EARLY analysis of draft heat risk assessment recommendations for Middle East live sheep shipments suggest they would threaten the viability of the trade during peak demand months.
The recommendations of an independent Heat Stress Risk Assessment Technical Reference Panel that would limit Middle East sheep shipments to conditions meeting strict air temperature criteria have exporters doubting the viability of the trade for upto 9-11 months of the year.
Animal Australia chief executive officer Glenys Oogjes said the recommendations the panel released in a draft report today would see a regulatory cessation of shipments to the Middle East between May and October, with substantial restrictions in other months.
Ms Oogjes said Animals Australia welcomed the outcome of the Heat Stress Risk Assessment review.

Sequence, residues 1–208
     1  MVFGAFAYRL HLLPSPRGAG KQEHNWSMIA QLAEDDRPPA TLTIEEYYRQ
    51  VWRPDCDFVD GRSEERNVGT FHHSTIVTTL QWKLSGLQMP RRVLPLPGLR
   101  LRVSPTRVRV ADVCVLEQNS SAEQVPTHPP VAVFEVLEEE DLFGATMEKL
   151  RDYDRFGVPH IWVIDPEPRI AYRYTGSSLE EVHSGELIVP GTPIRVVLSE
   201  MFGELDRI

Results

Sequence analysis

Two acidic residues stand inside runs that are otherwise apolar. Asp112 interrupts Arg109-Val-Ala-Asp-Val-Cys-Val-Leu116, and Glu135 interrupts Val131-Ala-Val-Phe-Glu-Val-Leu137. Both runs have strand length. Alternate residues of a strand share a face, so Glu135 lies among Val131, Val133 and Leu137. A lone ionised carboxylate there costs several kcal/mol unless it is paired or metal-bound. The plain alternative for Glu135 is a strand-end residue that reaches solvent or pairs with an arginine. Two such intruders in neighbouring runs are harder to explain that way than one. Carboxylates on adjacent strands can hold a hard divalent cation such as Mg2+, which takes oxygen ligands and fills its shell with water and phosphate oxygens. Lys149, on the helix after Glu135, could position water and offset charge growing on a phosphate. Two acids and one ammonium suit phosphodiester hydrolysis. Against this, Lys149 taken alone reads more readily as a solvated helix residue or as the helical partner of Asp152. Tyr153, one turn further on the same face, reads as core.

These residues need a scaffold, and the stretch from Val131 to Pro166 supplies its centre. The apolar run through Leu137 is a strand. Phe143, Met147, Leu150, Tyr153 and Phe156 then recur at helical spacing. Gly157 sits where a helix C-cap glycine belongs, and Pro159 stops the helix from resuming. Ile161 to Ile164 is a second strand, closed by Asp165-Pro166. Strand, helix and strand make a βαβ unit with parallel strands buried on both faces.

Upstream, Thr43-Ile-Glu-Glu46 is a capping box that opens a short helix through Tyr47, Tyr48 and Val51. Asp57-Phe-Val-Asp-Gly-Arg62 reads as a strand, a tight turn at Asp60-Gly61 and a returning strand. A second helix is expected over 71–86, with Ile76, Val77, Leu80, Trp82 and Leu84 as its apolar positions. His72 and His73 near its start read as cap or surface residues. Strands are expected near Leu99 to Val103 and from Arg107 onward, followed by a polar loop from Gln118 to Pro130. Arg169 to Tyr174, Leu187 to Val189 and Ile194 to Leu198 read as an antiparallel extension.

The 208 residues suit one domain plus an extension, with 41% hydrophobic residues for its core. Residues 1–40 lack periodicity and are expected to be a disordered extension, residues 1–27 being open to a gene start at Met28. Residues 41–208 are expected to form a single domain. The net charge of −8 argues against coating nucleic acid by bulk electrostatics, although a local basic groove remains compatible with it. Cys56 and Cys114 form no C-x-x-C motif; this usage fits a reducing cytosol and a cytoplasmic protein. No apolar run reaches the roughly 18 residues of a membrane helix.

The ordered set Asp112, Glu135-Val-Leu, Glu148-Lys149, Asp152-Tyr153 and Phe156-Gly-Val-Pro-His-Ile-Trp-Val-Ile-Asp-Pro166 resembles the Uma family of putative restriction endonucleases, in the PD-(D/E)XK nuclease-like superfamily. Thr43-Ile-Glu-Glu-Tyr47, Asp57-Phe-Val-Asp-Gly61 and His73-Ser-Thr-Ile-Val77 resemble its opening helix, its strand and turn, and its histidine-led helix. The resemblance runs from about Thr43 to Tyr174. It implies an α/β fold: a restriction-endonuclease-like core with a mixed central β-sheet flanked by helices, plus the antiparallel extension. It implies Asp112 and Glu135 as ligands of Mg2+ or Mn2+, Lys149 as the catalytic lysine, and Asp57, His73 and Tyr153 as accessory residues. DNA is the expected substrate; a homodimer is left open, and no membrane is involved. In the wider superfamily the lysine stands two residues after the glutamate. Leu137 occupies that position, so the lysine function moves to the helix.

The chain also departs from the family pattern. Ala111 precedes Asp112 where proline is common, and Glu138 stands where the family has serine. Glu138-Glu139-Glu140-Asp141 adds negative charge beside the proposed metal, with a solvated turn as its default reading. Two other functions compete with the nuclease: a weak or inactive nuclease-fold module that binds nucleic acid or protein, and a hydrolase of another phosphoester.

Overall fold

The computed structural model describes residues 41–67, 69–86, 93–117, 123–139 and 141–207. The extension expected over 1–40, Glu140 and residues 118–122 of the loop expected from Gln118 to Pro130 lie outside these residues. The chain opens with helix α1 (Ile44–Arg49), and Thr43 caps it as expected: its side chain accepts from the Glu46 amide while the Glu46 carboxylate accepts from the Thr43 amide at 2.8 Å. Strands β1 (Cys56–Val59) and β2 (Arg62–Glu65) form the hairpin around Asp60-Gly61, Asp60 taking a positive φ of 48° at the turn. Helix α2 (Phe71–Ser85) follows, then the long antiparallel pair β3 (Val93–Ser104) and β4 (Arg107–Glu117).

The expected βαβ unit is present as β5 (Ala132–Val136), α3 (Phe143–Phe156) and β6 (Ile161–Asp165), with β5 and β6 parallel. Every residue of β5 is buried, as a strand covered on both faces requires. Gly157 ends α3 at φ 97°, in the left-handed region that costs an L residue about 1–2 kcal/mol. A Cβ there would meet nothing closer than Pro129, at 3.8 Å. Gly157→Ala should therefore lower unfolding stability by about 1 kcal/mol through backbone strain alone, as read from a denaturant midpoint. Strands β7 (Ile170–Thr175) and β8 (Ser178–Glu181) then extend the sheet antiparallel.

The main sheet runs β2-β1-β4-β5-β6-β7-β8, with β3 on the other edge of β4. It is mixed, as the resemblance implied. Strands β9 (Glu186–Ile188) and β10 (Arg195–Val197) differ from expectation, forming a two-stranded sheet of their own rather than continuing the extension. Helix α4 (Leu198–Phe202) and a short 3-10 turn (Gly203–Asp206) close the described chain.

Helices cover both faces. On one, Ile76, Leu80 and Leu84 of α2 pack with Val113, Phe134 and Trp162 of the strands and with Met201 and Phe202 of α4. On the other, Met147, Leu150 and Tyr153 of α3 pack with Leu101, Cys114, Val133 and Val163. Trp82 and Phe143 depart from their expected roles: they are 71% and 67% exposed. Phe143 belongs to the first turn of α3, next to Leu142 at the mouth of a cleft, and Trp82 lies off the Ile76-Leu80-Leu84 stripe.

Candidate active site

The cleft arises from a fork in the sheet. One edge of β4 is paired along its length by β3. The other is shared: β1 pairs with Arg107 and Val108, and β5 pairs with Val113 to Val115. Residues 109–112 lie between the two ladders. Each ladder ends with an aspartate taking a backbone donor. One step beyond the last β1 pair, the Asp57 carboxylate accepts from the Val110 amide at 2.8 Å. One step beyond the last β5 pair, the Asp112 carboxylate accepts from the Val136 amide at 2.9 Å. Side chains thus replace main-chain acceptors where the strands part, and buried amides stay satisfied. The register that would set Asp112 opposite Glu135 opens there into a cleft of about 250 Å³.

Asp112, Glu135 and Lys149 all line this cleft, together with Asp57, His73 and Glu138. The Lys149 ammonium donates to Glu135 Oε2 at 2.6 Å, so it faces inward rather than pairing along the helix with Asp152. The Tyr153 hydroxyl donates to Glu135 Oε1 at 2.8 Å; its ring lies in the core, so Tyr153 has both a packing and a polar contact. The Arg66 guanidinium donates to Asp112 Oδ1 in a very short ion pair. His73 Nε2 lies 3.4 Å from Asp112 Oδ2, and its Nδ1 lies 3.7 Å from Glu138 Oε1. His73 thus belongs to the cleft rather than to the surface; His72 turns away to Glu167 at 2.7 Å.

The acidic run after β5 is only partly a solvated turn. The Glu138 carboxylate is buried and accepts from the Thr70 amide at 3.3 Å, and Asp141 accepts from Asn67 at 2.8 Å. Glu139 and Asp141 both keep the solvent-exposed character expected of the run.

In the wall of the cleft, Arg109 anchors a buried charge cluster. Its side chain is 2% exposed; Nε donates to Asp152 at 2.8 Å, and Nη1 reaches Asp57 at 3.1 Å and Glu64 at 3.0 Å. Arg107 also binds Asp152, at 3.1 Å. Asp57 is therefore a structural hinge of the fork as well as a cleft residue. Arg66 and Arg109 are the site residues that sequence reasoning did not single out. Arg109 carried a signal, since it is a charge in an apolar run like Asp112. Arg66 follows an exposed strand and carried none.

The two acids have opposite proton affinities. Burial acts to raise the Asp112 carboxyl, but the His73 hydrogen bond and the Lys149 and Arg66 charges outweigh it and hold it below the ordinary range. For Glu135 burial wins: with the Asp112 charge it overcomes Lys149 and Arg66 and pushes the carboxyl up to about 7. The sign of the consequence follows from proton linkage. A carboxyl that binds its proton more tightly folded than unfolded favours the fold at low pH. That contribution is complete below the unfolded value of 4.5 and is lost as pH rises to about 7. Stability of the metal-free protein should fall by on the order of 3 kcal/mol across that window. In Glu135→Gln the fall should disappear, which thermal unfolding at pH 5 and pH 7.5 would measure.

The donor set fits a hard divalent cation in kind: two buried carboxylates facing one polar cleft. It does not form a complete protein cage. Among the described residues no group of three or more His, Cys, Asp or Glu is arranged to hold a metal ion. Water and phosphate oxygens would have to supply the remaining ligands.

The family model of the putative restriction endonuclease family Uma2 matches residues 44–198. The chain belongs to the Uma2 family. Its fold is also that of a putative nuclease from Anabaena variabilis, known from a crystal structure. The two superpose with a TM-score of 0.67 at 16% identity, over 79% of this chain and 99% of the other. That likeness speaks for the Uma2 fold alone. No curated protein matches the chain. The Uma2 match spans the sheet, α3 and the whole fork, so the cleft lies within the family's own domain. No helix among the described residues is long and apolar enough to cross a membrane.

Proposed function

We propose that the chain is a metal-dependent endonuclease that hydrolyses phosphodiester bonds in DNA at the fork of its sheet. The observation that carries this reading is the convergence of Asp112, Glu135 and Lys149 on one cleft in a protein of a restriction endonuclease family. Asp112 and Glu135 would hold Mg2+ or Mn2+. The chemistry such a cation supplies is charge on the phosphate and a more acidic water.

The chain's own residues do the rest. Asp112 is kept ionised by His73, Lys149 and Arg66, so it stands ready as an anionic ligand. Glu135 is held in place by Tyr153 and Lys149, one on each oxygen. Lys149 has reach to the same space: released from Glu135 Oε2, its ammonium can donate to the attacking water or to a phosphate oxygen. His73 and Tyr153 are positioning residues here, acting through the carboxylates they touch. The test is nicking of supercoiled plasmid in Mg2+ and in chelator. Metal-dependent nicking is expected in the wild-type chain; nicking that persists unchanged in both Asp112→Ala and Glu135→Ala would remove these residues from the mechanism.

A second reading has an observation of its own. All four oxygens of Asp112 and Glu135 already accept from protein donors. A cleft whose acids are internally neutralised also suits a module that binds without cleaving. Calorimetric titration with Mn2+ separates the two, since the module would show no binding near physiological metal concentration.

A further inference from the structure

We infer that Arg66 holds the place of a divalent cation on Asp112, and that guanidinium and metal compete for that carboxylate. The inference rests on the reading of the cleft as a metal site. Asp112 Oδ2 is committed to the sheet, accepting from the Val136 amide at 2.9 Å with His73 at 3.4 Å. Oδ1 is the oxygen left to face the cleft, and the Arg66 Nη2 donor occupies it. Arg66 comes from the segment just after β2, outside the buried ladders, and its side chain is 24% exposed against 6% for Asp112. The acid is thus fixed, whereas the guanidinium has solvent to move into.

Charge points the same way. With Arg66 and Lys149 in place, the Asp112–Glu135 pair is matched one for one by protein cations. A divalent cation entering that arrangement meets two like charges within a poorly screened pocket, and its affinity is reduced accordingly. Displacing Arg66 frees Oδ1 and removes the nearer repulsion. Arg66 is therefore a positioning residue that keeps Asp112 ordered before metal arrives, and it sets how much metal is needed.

“This report confirms what live exporters have known for decades, that shipping Australian sheep across the high heat months in the Middle East results in egregious suffering.
“This scientific review is set to have significant implications for the industry,” she said.
“It’s time for the Morrison Government to sit down with sheep producers and progress a transition plan away from live sheep export.”
An RSPCA statement said the recommendation to shift the HSRA model from one based on animal mortality to one based on animal welfare will have significant consequences for the trade’s viability with the likely cessation of the May to October summer trade.
“The RSPCA has long maintained that if the live sheep trade was forced to reconcile its practices with basic animal welfare standards, it would no longer be viable.
“This report is another significant step towards the live sheep trade’s inevitable end,” the RSPCA said.
“There is no future in live sheep export – sheep producers and farming groups must act now to prepare for business beyond this cruel trade, rather than fighting against the inevitable.
“The RSPCA continues to urge the government to face up to this reality and assist producers with an ordered phase-out of the trade.”